Roland Engfer was a Professor of Experimental Physics at the Physics Institute of the University of Zurich from 1975 until his retirement in 2001.
Roland Engfer studied and habilitated at the Technical University of Darmstadt under Professor Peter Brix. At that time, his research interest was in muonic atoms. These are exotic atoms with a negatively charged muon, forming a hydrogen-like system with the nucleus. Spectroscopy of exotic atoms teaches us how charges and magnetic moments are distributed in the atomic nucleus. He then worked as a researcher at CERN in Geneva and at the Paul Scherrer Institute (PSI, formerly the Swiss Institute for Nuclear Research SIN), as well as a lecturer at ETH Zurich. In 1975, Roland Engfer was appointed full professor of experimental physics at the University of Zurich as a successor of Hans H. Staub.
His research group in Zurich performed experiments at the Paul Scherrer Institute. The group first focused on particle emission following negative pion capture in nuclei but soon moved on to study rare and forbidden muon decays as a leading member of the SINDRUM I and II collaborations. Many new endevours are ongoing, not only at PSI, but most of the observed limits on lepton flavour number violation still stand. Roland Engfer thus became an internationally well regarded expert on exotic atoms and was a member of many international research commissions.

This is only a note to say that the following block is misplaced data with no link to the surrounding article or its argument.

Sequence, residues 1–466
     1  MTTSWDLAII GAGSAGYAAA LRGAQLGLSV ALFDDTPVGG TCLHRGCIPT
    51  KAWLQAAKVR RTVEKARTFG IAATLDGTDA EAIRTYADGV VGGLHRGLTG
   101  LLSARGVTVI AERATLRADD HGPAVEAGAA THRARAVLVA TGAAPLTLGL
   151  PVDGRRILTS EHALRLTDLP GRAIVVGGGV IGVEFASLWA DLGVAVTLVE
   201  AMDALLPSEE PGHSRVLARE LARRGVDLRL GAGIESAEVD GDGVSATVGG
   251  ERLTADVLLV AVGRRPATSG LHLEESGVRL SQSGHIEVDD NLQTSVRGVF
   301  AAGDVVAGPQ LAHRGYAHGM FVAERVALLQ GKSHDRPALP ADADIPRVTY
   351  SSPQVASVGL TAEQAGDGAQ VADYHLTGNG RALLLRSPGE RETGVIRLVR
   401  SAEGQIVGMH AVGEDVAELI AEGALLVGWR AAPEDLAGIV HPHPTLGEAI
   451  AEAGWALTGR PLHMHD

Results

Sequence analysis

For many years Roland Engfer enthusiastically taught classical and modern physics to university students. As a stimulating lecturer, he inspired the students with his exciting lectures and original experiments. In doing so, he succeeded in conveying to the audience his fascination for the exploration of fundamental physics questions. Roland Engfer was a passionate cyclist, he rode his bike to the Irchel Campus every day, demonstrated biomechanics on the lecture hall stairs with his mountain bike and successfully fought for more bike stands as chairman of the University of Zurich Operations Committee. Also his experience as a mountaineer directly entered into his lessons; while rappelling in the lecture hall, friction, energy conservation and heat generation could be explained very vividly.
Roland Engfer was director of the Physics Institute of the University of Zurich from 1993 to 1999.
The University of Zurich, colleagues and former students lose in Roland Engfer an inspiring person and teacher to whom they owe much.